Birdzilla the poisoned eagle flies 'like a jet fighter' once again
Cobequid Wildlife Rehabilitation Centre in Nova Scotia restores to health eagle poisoned by lead
A bald eagle nicknamed Birdzilla is now spending her days floating across tree tops, but little more than a month ago she was so sick she could hardly lift her head or wings.
The 6.4-kilogram bird is the largest eagle to have ever visited the Cobequid Wildlife Rehabilitation Centre in Brookfield, N.S. She was brought in Dec. 28 after provincial conservation officers were alerted to a sick eagle in Pictou County.
"We had seven eagles at our place when we had her … but she made the other ones look like mini-birds," said Helene Van Doninck, veterinarian and director of the wildlife centre.
The raptor arrived showing symptoms of lead poisoning. She was weak, unable to walk, stand or fly.
"They usually look like they're drunk or stoned," said Van Doninck.
The number of lead-poisoned birds that arrive at the centre varies from year to year. But Van Doninck said it's estimated 25 per cent of eagles brought to rehab centres in North American have serious lead poisoning.
She said one of the most common sources of lead is ammunition. Eagles ingest it when they feast on what remains of an animal that's been shot.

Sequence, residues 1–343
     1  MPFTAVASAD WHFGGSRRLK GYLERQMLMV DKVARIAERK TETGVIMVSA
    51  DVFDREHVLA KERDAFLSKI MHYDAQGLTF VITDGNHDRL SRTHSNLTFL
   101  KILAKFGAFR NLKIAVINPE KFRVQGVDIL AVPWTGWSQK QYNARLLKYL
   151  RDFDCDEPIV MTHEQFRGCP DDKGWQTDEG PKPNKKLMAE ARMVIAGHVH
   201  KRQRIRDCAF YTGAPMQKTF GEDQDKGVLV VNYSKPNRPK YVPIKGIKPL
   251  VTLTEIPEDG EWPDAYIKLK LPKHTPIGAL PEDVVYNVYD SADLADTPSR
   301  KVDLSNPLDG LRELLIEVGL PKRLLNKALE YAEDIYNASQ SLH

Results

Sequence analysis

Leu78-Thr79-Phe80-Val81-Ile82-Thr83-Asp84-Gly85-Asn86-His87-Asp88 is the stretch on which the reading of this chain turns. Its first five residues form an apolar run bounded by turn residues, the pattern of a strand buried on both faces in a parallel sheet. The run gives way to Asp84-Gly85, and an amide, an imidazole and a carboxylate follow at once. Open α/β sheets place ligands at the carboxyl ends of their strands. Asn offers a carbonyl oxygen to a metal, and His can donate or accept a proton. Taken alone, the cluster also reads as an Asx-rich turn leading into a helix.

'We've never had a bird so weak'
Just a small fragment of lead from a bullet or lead shot is enough to kill an eagle. Birdzilla had been on the ground for some time, according to the rehab centre. She was dehydrated, cold and full of lice.
The team went to work on the eagle, warming the bird under a heat lamp and performing X-rays to see whether any large pieces of lead needed removal. Birdzilla was so weak she didn't need to be anesthetized.
"We just laid her on the X-ray table, just put her on her back, set up the X-ray and took the shot and she didn't move," Van Dininck said. "We've never had a bird so weak."
Once the presence of lead was confirmed in a blood sample, the centre started treating the bird with a chemical that binds to lead and takes it out of tissue. The kidneys then filter it out and the bird excretes the toxin.
'She was flying like a jet fighter'
After nearly a month at the centre, Van Doninck and her team released Birdzilla back into the wild Saturday.
"She got strong, gradually, and we knew with her being such a big, robust female this time of year … this time of year is important for them, defending their territory, nest building, getting ready for the upcoming mating season — so we made the call," said Van Doninck.
"The weather was good, she was flying like a fighter jet in our enclosure so we decided that Saturday was a good day to let her go."
Van Doninck tours the Maritimes, talking to anglers and hunters about the harm of using lead products. She also occasionally heads up an ammo and lead tackle exchange for hunters and anglers.
The Department of Natural Resources no longer uses lead ammunition, and the Nova Scotia Federation of Anglers and Hunters encourages its members to switch to non-lead ammunition and tackle.
Van Doninck said she's had a lot of luck with people like Clifford Paul, who ran the Cape Breton moose harvest.
"He's been a huge advocate and that's great because that gets the word around to the community."